You may have had a couple of all-nighters back in college when you were studying for your midterms. You know what it’s like to be deprived of sleep – you start to feel drowsy during the day, you can’t concentrate on anything and your mood changes in seconds.

What if you couldn’t sleep night after night – how long could you survive without any sleep at all? Let’s take a look.

The Timeline of No Sleep

24 Hours

At 24 hours, your brain is not looking too good. In fact, it looks a bit like someone’s brain who has a blood alcohol level of 0.10, which is well over the legal driving limit.

As well as this, you’ll experience a number of different symptoms that include difficulty hearing, feeling irritable, impaired memory, a decrease in attention span, increase in the risk of injury or accidental death, and an overall lack of good judgment.

36 Hours

Once you’ve been awake for 36 hours, no sleep begins to take a serious toll on your physical health, as well as your physiological well-being.

Repeatedly going for 36 hours without sleep can start to have a permanent effect on your health, including increased blood pressure, heart disease and an imbalance of your hormones. You can even experience big blocks of memory loss and not be able to recall what happened for hours at a time.

48 Hours

If you’ve officially been awake for two days straight and haven’t slept a wink, you may start to experience something called ‘microsleep.’ While the name sounds endearing, the symptom it represents is far from it.

This is when you experience miniature blackouts that can last for approximately 30 seconds. You will have no idea it’s occurring, but when you come out of it, you’ll feel disorientated.

72 Hours

If you’ve been awake for a whopping 72 hours, then you may begin to experience hallucinations. This is one symptom of the fact that your brain is desperately trying to keep it together. Having a basic conversation and concentrating can be near impossible tasks when you’ve been awake for this long.

Causes and Symptoms of Sleep Deprivation

Fatal Familial Insomnia

People who experience Fatal Familial Insomnia will only have a lifespan of roughly six to thirty months. This is because the sleep deprivation associated with this condition will result in a complete breakdown of parts of your brain, as well as organ failure.

While Fatal Familial Insomnia is considered an infectious disease, you can’t get it from merely touching the affected person or having sexual intercourse with them. In fact, you have to be able to actually touch their brain, or be in direct contact with their blood i.e., through a blood transfusion.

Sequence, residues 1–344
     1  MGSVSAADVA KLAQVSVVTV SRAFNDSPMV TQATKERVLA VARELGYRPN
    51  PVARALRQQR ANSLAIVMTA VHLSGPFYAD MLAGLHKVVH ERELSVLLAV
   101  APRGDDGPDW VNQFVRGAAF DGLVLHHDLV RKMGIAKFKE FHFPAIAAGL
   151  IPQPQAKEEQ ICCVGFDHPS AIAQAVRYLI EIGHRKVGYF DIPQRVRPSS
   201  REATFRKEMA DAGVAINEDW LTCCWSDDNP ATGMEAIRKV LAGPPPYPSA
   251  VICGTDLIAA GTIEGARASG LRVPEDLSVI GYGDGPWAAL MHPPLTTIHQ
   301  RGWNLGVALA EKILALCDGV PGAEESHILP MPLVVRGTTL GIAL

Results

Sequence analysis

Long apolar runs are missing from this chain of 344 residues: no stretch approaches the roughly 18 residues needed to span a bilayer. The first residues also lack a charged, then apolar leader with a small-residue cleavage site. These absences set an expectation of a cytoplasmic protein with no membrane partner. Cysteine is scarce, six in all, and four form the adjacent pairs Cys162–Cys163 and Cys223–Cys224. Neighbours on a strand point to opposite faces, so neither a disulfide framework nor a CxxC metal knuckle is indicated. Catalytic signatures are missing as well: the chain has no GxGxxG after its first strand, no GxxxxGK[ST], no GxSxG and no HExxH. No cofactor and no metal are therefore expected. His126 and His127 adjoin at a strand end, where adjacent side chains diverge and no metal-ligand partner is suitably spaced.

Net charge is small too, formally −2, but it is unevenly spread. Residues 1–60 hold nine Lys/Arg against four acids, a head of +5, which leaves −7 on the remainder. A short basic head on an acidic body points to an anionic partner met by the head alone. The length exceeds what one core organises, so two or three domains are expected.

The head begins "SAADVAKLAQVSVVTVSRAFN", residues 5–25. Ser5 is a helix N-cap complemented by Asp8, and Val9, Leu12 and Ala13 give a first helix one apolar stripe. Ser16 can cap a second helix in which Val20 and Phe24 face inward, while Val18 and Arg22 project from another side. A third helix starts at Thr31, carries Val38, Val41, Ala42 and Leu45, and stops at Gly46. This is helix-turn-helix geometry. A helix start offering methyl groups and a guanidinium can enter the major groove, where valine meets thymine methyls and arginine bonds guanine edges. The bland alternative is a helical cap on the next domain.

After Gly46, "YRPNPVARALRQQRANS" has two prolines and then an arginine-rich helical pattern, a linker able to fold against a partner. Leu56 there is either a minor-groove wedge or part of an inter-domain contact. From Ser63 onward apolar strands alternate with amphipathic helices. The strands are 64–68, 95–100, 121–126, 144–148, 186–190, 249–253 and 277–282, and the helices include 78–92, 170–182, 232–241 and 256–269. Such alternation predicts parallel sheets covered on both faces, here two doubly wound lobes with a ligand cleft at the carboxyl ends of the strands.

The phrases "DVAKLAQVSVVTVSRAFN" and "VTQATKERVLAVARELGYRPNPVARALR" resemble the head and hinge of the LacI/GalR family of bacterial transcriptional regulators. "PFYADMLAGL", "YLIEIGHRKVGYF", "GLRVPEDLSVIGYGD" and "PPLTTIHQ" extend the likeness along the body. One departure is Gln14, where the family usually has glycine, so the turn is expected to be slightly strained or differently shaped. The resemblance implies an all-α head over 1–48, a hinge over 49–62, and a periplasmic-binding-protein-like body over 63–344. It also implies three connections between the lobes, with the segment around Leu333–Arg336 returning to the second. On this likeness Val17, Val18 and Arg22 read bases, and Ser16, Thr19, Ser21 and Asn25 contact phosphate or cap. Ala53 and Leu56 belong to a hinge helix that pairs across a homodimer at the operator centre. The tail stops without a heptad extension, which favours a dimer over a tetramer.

Morvan’s Syndrome

For some people, experiencing sleep deprivation doesn’t come as a choice. People who have Morvan’s Syndrome have all been found to have issues with sleeping. People with this condition can end up going for months without any sleep, resulting in serious physical pain and hallucinations.

As well as these symptoms, patients with Morvan’s Syndrome may experience weight loss, excessive sweating, and twitching of the muscles.

Restless Legs Syndrome

This is a disorder of the nervous system, which manifests in an uncontrollable urge to continually readjust your legs. It comes with twitching and tingling as well, otherwise considered to be pins and needles-like sensation.

While the most common demographic to experience this condition are middle-aged women, everyone is susceptible to it.

Sleep Apnea

Sleep Apnea is a surprisingly common condition and occurs when your airway becomes blocked with either reduces or eliminates the ability to breathe. People who experience this condition will end up waking up several times during the night which can serve to disrupt their sleep cycle significantly.

There are many different causes of Sleep Apnea. Among these are kidney or heart failure, obesity, enlarged tonsils, premature birth, and even genetic disorders. You may also experience it if you have a misaligned jaw.

Night Terrors

Children are most likely to experience night terrors. They’re different from nightmares because they produce vivid hallucinations that can last for as long as thirty minutes at a time. While the child is awake throughout this, a lot of the time they won’t be able to recall what they’ve seen.

How Long Can You Last Without Sleep?

The short answer is, we don’t know. In fact, there’s also debates about whether we need all the different sleep phases in order to survive.

Can You Die From Not Sleeping?

While not sleeping alone won’t kill you, the physical effects of it can be fatal in some circumstances. This is because, after several days without sleep, your body begins to shut down and so does your brain. Additionally, when you’re sleep deprived, you can make more mistakes, some of which may prove to be fatal.

Final Thoughts

You may be tempted to see how long you can go without sleep. While you may be able to get a bit more done, the physical and physiological effects on your body just aren’t worth it.

If you’re someone who is genuinely looking for a way to create more time to do things, you can try sleeping for smaller stints throughout a typical 24 hour period.

This method can increase your levels of productivity and give you a few more hours in the day to get everything done. However, if you try to do to this long-term, you may come up against some complications.

How Long Can You Go Without Sleep?
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